Barbara Miller Solomon
The only daughter of second-generation immigrants from Russia, Barbara Leah Miller graduated from Radcliffe in 1940. In 1953, while raising a family with her husband Peter Herman Solomon, she earned her doctorate in American history from Harvard. After beginning her teaching career at Wheelock College, Solomon eventually became the associate dean of Radcliffe in 1963. In 1970, to national attention, she was named the first woman dean at Harvard, where she offered the first lecture course on the history of women in America and laid the groundwork for the formal establishment of women’s studies there. In 1985 she published her prize-winning book In the Company of Educated Women: A History of Women and Higher Education in America.
Barbara Miller Solomon, educator and pioneer in women’s history, suggests the transformative role that education could play in individual women’s lives, a theme that also shaped much of her writing. Her insights about the rich history of educated women helped lay the foundations of modern women’s history.
Early Life and Family
Born Barbara Leah Miller in Boston on February 12, 1919, she was the only child of Bessie (Pinsky) and Benjamin Allen Miller, second-generation Russian Jewish immigrants. Growing up in an aspiring middle-class family (her father was an insurance salesman), she graduated from Boston Girls’ Latin School and then entered Radcliffe College in 1936. Radcliffe opened new worlds for her, intellectually and socially. Just before her 1940 graduation, she eloped with Peter Herman Solomon, Harvard ’40, the son of Harry Solomon, professor of psychiatry at Harvard Medical School, and Maida Herman Solomon, a pioneer in psychiatric social work. Rabbi Stephen Wise married the couple in New York.
On their return to Cambridge, Peter began his career as a shoe company executive and Barbara took graduate classes at Harvard, while they raised three children, Peter Jr., (b. 1942), Maida (b. 1946), and Daniel (b. 1950). Under the direction of Oscar Handlin, she earned her doctorate in American history from Harvard in 1953. Her revised dissertation, which was published in 1956 as Ancestors and Immigrants: A Changing New England Tradition, examined the attitudes of New England Brahmins toward recent immigrants, including Jews, from the 1850s to the 1920s.
Solomon remembered little antisemitism at Radcliffe and remained grateful to the school for providing her with generous scholarship support after her father died unexpectedly during her freshman year. Yet, after graduation, she was dismayed to see herself described in her employment file as “one of the better kind” of Jewish students. While Jewish history was never her primary focus, in 1956 she published a history of the Associated Jewish Philanthropies of Boston, entitled Pioneers in Service.
Teaching and Research
Demonstrating how many women combined family life with careers in the 1950s, Barbara Miller Solomon began teaching at Wheelock College in 1957. In 1959, she became head of the Women’s Archives at Radcliffe, later the Arthur and Elizabeth Schlesinger Library on the History of Women in America. In 1963, she was named associate dean of Radcliffe College, and in 1970, she became the first woman dean at Harvard College, an event that received national publicity.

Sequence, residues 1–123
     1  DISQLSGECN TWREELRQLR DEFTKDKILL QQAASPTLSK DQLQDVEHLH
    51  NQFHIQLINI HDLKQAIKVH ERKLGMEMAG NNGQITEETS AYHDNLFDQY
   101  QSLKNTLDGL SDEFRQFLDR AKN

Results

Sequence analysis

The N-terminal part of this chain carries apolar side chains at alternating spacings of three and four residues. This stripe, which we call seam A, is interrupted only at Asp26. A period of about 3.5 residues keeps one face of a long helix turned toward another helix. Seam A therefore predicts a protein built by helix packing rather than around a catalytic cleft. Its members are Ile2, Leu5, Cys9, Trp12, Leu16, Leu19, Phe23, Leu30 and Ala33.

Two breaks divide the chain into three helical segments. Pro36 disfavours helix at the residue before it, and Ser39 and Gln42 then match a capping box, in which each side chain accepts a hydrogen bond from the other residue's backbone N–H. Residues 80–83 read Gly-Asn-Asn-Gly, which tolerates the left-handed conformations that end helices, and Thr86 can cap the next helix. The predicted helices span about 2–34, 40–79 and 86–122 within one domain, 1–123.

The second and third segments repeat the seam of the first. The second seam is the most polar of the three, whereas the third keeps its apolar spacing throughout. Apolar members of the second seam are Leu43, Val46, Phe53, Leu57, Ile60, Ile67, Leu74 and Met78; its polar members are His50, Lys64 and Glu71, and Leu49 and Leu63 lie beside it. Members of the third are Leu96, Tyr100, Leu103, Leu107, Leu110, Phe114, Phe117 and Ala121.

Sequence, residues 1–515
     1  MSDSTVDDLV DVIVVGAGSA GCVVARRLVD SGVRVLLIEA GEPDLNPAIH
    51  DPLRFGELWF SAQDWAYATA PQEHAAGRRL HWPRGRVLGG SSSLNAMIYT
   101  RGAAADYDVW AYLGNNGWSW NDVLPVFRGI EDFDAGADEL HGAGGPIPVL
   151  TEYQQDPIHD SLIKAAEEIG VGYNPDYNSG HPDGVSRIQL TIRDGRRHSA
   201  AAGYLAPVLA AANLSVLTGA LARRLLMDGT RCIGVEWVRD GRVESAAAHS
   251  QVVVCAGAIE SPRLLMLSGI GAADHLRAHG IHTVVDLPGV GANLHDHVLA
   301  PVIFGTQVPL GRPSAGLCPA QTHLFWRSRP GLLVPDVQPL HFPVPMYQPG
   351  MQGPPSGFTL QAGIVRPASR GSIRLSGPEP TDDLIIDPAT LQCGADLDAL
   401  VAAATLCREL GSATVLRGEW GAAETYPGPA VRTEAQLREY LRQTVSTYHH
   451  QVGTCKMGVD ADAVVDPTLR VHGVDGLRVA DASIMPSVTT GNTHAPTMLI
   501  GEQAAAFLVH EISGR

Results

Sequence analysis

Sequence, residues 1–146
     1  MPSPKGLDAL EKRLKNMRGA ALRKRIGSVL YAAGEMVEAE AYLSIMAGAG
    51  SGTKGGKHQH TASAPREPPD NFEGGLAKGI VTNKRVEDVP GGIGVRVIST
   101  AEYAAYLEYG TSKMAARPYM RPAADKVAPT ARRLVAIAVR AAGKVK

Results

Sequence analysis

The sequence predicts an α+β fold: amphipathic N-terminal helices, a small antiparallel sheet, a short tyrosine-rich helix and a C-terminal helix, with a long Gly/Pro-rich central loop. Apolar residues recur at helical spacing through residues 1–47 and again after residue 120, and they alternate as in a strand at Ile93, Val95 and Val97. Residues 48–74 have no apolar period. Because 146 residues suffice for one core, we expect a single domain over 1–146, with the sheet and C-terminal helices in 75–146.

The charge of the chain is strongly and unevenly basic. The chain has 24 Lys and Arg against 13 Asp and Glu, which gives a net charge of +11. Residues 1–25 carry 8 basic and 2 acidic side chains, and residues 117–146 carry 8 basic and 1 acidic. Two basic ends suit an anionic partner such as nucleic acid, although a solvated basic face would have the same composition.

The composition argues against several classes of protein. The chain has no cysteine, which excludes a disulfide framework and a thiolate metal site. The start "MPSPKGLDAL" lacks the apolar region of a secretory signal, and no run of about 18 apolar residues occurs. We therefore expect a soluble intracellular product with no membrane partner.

Teaching and research were just as important to Solomon as administration. In 1972, she offered the first lecture course on the history of American women at Harvard, laying the groundwork for the formal establishment of women’s studies there in 1983. The importance of higher education for women was a central theme in her prize-winning book In the Company of Educated Women: A History of Women and Higher Education in America, published in 1985, the year she retired from Harvard. She died of cancer on August 20, 1992.
Barbara Miller Solomon’s significant impact on the emergence of women’s history was matched by her role as a mentor to several generations of graduate and undergraduate students at Harvard and Radcliffe. She forged a professional style that was consciously feminist, but also effective within male-dominated institutions. Being Jewish was a formative part of her intellectual identity throughout her life, although her professional work followed broader themes inclusive of this strand. Her scholarship, first on the history of immigration and then on women’s history, continues to influence new generations of readers and students.
Selected Works by Barbara Miller Solomon
Ancestors and Immigrants: A Changing New England Tradition (1956)
The Evolution of an Educator: An Anthology of Published Writings of Ada Louise Comstock, editor (1987)
In the Company of Educated Women: A History of Women and Higher Education in America (1985)
“Memories of a Jewish Undergraduate at Radcliffe in the 1930’s.” In The Jewish Experience at Harvard and Radcliffe, edited by Nitza Rosovsky (1986)
Pioneers in Service (1956)
Travels in New England and New York by Timothy Dwight, 1752–1817, editor (1969)
Boston Globe, August 21, 1992; Obituary. NYTimes, August 23, 1992
Solomon, Barbara Miller. Papers. Radcliffe College Archives.
Schlesinger Library, Radcliffe College, Cambridge, MA.